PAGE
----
|Editor's Notes: Robin says relax||| Print ||
|Monday, August 24, 2009|
I am facing the horrifying realization that 1980s fashion is back with a vengeance this season: big shoulders, leggings, oversized knits, MC Hammer pants (ask an old person), zippered ankle boots. I was just as hooked on Dallas and Dynasty as the next sap, but I really hate the idea of dressing like Joan Collins again. What next? Mall bangs?
Flash, trash and cash pretty much summed up the decade and once around was enough for me, so it is really disturbing to see signs that the ’80s are infiltrating other areas:
Eighties flashback: The early 1980s saw the country in a deep recession. Bankruptcies spiked 50% from 1981 to 1982; ag exports declined; crop prices fell. By mid-1982, the number of bank failures was rising steadily; by the end of the year, the FDIC had spent $870 million to purchase bad loans to keep banks afloat.
Now: The country is in a deep recession, with spiking bankruptcies, and falling crop prices and ag exports. Bank failures are rising steadily. Pricetag: We’ll have to get back to you.
Eighties flashback: The 1987 movie Wall Street immortalized the phrase, “Greed is good,” uttered by the ultimate slimy Wall Street bad guy, Gordon Gekko (played with perfect slick-hair villainy by Michael Douglas).
Now: Casting has begun for Wall Street 2: Money Never Sleeps. Douglas again will play Gordon Gekko. The entire U.S. banking and financial industry gets a starring role. Greed never sleeps.
Eighties flashback: Michael Jackson’s Thriller album was at the top of the 1982 charts.
Now: Michael Jackson’s Thriller album is at the top of the You Tube views.
Now: The U.S. car industry goes bankrupt. And there's no supermodel wife to spice up things this time.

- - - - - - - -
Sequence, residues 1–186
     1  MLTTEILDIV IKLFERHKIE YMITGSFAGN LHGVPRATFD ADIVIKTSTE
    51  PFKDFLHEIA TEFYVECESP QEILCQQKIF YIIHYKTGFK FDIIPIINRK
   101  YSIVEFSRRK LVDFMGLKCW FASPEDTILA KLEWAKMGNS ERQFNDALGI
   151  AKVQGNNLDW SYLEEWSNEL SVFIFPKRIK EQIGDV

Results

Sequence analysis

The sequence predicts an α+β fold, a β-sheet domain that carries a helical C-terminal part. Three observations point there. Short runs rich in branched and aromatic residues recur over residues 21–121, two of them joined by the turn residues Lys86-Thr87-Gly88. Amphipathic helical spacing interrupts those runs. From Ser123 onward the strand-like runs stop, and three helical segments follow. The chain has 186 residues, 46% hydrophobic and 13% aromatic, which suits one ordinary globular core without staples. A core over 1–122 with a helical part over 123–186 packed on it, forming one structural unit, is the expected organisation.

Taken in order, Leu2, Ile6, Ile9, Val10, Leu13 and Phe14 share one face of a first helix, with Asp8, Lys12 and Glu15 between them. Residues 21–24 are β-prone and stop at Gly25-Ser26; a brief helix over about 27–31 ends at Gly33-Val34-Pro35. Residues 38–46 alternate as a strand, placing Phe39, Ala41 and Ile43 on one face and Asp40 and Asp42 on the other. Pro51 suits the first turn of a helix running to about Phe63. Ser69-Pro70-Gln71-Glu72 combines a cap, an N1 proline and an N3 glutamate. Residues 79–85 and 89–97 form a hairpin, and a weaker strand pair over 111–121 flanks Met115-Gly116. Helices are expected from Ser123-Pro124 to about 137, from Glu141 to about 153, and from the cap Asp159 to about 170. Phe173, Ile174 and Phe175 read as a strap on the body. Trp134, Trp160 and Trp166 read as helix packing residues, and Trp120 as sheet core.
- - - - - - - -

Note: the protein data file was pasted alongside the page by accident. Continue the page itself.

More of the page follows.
Eighties flashback: Apple Computer released the Macintosh PC in 1984.
Now: In 2015, Apple releases the iPhone93s, which beams you to other planets while it makes you bacon and eggs for breakfast and massages your feet. Oh, wait. Hold that for the Flashforward column.
Eighties flashback On Oct. 19, 1987, the Dow plunged 508 points, losing 22.6% of its total value, surpassing the one-day loss of 12.9% that began the stock market crash of 1929 and foreshadowed the Great Depression.
Now: Wash, rinse, repeat.
Eighties flashback: Throughout the decade, Michael Milken rode high as the junk bond king and was eventually sent to prison for multiple violations of U.S. security laws.
Now: Oh, so many choices, but let’s go with Bernie Madoff for $65 billion.
I have to stop before I get depressed and resort to listening to the Go-Gos to cheer me up. (Note to 2009 self: They're touring again!) But maybe that’s not a bad thing, considering what we’re dealing with. But in the immortal words of Veronica in the 1988 movie Heathers, still the best and meanest of all mean-girls films: If you were happy every day of your life you wouldn’t be a human being. You’d be a game-show host.
|Powerball jackpot hits new record|
|5.1-magnitude quake hits eastern Canada|
|How a Seattle school launched Bill Gates career|
|Windows Phone surpasses Blackberry|
|Kim Dotcom doesn't want 3D gun plans on Mega's servers|
|David Beckham retires from soccer|
|ODB, Eazy-E holograms to perform|
|Will this startup succeed?|
|The STEM shortage|
|Combined Transport keeps on trucking|
|Farm futures: private equity goes organic|
|Food cart owner Nong balances life, work and play|
|Celly launches its DIY network|
|What is driving the cost of health care? |
Oregon Business magazine's 5th annual
100 Best Green Companies to Work For in Oregon
Wednesday, May 29, 2013
From Oregon Translational Research and Development Institute: OTRADI today announced its plans to open and operate a 13,000 square-foot multi-tenant bioscience complex in the Willamette Wharf building at 4640 SW Macadam Avenue. Slated to be complete in spring 2013, the OTRADI Bioscience Incubator (OBI) will house up to six companies.
MEDIAmerica, publisher of Oregon Business and Oregon Home magazines, announces a new retail website: HalfOffOregon.com. The website offers lodging, dining, recreation and many other items at half off their regular cost.
As you probably know by now, The Vernon Company is a national leader in the promotional products industry with annual sales of over $60 million. We are a family owned business, led by the fourth generation of the Vernon family.